Encelia farinosa


Kristi Maxwell



Encelia farinosa, or, Should a lid be lent to extend preservation,

the eye need not be asked


Brittlebush, which pushes its flowers out

as if gambling with an eye: gold coins,

the fist-shaped shrub brightened with a load of them;

brittlebush, which leads to bristle and brush,

teeth taken care of, its resin a prince

holding court in a mouth, rinsed and keeping white

despite its yellowed bloom. The brittlebush

a little bush compared to taller things.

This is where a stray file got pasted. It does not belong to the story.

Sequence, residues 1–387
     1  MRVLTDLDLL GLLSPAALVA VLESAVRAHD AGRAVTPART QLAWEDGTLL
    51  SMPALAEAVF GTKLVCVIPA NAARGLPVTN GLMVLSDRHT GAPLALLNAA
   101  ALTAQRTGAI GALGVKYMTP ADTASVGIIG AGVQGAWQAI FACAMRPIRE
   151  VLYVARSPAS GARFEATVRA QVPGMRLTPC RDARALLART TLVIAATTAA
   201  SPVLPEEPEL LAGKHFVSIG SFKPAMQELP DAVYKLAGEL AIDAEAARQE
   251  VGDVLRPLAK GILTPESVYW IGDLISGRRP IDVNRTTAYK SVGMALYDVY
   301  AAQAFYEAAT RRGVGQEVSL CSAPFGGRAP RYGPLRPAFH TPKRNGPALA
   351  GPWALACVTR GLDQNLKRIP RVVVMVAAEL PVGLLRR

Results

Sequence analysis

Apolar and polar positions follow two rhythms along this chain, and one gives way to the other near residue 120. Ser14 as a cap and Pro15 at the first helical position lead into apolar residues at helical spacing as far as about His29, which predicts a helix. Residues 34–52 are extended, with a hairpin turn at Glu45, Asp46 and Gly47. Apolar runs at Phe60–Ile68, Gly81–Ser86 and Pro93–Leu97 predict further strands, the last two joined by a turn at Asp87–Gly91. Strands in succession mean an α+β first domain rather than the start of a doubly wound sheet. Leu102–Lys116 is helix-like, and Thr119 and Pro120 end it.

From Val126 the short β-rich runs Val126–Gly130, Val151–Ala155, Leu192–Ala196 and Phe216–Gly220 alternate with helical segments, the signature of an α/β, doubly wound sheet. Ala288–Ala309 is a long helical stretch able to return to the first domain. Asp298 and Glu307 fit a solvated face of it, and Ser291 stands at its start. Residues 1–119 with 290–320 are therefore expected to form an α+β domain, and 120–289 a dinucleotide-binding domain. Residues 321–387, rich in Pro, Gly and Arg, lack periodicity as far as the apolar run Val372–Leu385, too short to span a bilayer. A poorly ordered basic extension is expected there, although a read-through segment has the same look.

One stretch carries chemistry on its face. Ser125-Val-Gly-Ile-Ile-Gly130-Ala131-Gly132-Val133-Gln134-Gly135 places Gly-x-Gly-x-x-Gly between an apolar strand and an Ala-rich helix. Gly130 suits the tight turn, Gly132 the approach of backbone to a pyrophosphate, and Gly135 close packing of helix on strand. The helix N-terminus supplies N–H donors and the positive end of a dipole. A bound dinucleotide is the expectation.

Leaves, not left alone, but a home

to many short hairs, shorting the air

of moisture, hoarding it. Few mouths bore

through the body of the brittlebush,

though boarded often enough. A hover fly

here in spite of the spider that hopes to have it,

to make it hoverless, post-coveting.

Unendangered and to the desert endeared,

brittlebush’s placement engineered to smear out erosion

near highways—itself a burning bush when made

to burn for noses, urns that they are, to store.




Kristi Maxwell is the author of Re- (Ahsahta Press, 2011), Hush Sessions (Saturnalia Books, 2009), and Realm Sixty-four (Ahsahta, 2008), along with the chapbook Elsewhere & Wise. She lives and writes in Tucson, where she sometimes teaches at the University of Arizona, the Poetry Center, Pima Community College, and Casa Libre en la Solana.